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Andy Gore

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I am filled with admiration for anyone who can run more than a mile without getting out of breath so I was excited to meet a man who raises money for charity by taking part in marathons and triathlons and actually enjoys it.

Andy Gore was at Bournside School 25 years ago when he started running with Cheltenham Harriers. His best friend, Chris Lane, introduced him to running and his obsession took off from there. He has run the London Marathon seven times altogether so far – 2011 will make it eight. His best time so far is 2 hours 30 minutes and 51 seconds in 2003. In 2010 he completed it in 2 hours 41 minutes and 38 seconds.

When he left school he worked for Eagle Star and has been in Insurance and Financial Services ever since. But he prefers to talk about his family, his running and the charity he is so passionate about.

Andy is 41 and married to Vanessa. They live in Andoversford. 1998 was the year they were married he tells me and confesses that he ran the Great North Run the day after coming 60th in 1 hour 11 minutes 18 seconds. They have one daughter Phoebe, who is 12 years old and goes to Cotswold School. She hasn’t followed her dad into running yet, or her mum into netball, but she is very keen on hockey and recently joined Sherborne Hockey Club.

In 2007,Andy’s good friend and neighbour Lindsay Brown, talked him into taking part in the South African Iron Man Challenge. For Andy, the Iron Man was a big personal challenge. It includes a 2.4 mile swim, a 112 mile cycle and a marathon run straight afterwards.

He completed it in 11 hours 31 minutes and 58 seconds, but admits it was one of the most extreme things he has ever done.

In 2010 he took part in the London Triathlon with colleagues from National Grid, Hinckley, Leicestershire, where he was working at the time. Each member of the team completed the 1500 metre swim in London Docks, 25 mile cycle and 10k run raising almost £10,000 for Leicestershire charity LOROS, the chosen corporate charity of National Grid. Andy is still a member of Hinckley Running Club in Leicestershire and also Chorley Harriers, in Lancashire, as well as Cheltenham Harriers in Gloucestershire.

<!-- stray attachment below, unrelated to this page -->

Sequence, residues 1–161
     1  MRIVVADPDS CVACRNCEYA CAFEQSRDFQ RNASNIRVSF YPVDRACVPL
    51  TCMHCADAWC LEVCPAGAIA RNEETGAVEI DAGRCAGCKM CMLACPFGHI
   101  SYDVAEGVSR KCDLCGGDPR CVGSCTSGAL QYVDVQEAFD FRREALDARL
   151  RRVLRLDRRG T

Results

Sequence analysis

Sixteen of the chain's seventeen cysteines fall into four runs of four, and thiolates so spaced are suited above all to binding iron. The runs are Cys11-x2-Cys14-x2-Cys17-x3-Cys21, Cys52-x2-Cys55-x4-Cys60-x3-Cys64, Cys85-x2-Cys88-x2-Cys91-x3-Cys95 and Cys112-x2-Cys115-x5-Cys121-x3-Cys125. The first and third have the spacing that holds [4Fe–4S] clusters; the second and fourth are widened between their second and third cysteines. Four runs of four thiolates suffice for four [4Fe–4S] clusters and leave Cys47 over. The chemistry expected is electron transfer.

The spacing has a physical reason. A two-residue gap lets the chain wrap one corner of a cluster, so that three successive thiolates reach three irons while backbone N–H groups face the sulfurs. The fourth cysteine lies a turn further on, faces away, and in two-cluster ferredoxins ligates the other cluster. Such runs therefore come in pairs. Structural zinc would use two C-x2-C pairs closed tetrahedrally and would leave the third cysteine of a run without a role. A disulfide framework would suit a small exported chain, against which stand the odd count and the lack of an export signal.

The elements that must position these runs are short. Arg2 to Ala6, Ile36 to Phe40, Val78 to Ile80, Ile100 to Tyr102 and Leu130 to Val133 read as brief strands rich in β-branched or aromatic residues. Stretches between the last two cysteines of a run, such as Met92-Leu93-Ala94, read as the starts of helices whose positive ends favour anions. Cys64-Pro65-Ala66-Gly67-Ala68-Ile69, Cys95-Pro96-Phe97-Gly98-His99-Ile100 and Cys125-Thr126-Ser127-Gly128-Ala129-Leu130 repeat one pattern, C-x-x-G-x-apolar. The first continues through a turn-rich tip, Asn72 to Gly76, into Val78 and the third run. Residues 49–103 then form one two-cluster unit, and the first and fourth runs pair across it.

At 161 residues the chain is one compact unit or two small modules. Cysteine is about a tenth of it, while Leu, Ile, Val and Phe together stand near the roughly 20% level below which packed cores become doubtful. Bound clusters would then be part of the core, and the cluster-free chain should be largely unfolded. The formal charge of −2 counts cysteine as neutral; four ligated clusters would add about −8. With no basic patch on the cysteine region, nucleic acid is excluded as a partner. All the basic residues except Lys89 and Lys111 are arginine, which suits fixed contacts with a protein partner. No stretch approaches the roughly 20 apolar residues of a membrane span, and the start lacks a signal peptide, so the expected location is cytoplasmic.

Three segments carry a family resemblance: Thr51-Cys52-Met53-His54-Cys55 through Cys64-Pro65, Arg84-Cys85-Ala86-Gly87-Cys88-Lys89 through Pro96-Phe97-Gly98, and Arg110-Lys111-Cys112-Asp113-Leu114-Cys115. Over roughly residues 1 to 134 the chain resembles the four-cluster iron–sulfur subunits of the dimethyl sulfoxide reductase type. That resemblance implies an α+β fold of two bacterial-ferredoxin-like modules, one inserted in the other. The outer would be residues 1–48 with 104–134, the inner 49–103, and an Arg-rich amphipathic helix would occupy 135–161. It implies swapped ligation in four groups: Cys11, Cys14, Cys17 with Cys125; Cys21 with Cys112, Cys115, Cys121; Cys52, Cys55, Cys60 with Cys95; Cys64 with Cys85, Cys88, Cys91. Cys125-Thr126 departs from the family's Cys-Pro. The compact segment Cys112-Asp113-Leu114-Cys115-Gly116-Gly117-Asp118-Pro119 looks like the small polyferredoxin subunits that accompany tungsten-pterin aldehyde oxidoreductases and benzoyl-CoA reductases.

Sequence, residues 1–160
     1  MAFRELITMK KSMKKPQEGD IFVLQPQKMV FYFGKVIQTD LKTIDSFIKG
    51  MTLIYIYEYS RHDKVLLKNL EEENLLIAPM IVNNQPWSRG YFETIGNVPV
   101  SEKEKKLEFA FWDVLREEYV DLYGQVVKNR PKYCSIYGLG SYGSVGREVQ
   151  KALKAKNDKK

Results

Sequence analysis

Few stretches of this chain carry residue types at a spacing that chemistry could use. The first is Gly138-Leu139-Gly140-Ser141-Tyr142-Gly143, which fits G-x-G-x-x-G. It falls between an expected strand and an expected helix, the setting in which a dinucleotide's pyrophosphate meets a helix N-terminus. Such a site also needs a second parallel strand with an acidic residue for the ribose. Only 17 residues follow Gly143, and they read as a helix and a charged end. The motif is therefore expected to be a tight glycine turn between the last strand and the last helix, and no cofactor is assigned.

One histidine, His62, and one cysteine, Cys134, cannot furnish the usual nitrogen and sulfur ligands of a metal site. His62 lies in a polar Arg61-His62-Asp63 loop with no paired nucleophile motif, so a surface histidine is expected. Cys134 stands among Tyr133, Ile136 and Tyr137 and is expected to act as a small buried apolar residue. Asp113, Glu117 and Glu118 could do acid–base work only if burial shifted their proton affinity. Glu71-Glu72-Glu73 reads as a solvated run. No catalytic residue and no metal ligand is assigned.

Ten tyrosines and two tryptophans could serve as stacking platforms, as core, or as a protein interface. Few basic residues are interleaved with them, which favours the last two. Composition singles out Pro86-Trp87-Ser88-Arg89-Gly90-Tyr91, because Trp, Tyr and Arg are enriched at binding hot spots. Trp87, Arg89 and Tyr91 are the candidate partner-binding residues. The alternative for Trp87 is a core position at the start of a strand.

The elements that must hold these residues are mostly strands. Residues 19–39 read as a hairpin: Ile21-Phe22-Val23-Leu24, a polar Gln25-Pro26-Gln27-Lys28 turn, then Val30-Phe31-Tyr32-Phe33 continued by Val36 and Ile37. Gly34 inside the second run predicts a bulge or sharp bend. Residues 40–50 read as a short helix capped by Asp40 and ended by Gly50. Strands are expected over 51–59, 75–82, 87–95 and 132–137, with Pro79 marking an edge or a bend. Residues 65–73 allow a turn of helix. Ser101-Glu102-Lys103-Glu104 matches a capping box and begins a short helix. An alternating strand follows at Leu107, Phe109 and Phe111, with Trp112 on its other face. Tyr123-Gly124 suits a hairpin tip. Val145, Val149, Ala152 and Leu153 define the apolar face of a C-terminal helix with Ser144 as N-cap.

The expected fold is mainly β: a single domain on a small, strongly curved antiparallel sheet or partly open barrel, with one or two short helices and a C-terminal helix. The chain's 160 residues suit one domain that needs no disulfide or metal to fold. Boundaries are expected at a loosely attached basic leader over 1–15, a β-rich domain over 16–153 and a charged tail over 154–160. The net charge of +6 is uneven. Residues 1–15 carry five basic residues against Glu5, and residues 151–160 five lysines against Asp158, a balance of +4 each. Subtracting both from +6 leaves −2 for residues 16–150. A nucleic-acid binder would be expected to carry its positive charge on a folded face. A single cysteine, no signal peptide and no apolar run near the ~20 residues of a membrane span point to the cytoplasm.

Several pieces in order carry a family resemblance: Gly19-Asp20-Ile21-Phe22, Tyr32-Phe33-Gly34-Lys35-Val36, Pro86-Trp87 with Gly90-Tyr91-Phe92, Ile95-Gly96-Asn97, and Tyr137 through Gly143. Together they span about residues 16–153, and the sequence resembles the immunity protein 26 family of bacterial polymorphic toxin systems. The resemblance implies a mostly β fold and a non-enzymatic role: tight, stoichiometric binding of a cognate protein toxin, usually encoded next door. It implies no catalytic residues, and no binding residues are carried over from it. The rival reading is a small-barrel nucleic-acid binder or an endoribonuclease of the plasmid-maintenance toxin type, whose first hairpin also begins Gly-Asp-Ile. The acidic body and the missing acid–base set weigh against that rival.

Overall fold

Andy tries to train every day, aiming to run 40 – 50 miles a week, though this increases before a big race and has to include swimming and cycling if he’s training for a triathlon. This is in addition to a full day’s work and travelling to Bristol where he currently works. Whilst at National Grid he introduced running at lunchtime to other work colleagues and is hoping to do the same in Bristol.

Andy was very keen to tell me about his chosen charity DebRA and the reason he chose it. A few years ago he watched a programme on Channel 4 called The Boy Whose Skin Fell Off, a frank and moving film about Jonny Kennedy, an extraordinary man with a terrible condition called Dystrophic Epidermolysis Bullosa (EB) - which means his skin literally fell off at the slightest touch. Unfortunately Jonny died at the age of 36 and even planned his own funeral. Many sufferers however don’t survive that long and some with the most severe form of the illness die in infancy. Andy was so moved by the programme and Jonny’s story that he decided to make DebRA his chosen charity.

DebRA is the national charity working on behalf of people in the UK with this genetic skin blistering condition. It’s still a little known charity though it recently benefited from the BBC Lifeline Appeal and has been appointed one of the Official Charities for an exciting new concept called Gold Challenge launched on 24 November 2010 which will capture the growing excitement surrounding the 2012 Olympics (see the website at:www.debra.org.uk/ for details).

EB is likely to affect 1 in 17,000 live births and it is estimated that there are currently 5,000 people with the condition in the UK. Because EB is an inherited condition (it cannot be caught), which is passed on genetically from parents to children, first time parents often do not know that they are carriers and will have no prior warning that the child will be affected, until birth.

The condition has a number of distinct forms. At its mildest, the blistering is confined to the hands and feet making holding things and walking extremely painful. In more severe forms all the body is affected and the wounds heal very slowly, giving rise to scarring, physical deformity and significant disability. Whilst considerable progress has been made in recent years in understanding EB and identifying the genes that cause the condition, there is as yet no effective treatment or a cure.

Andy has run the London Marathon three times for DebRA and this year alone raised £1,300 for the charity. Next year he will run the London Marathon again for DebRA and try to raise even more money.

If anyone is interested in joining Andy in raising money for DebRA by running in next year’s London Marathon they should contact andrew.colville@debra.org.uk as charities have many bond places and you can run for them and pledge to raise a certain amount of money.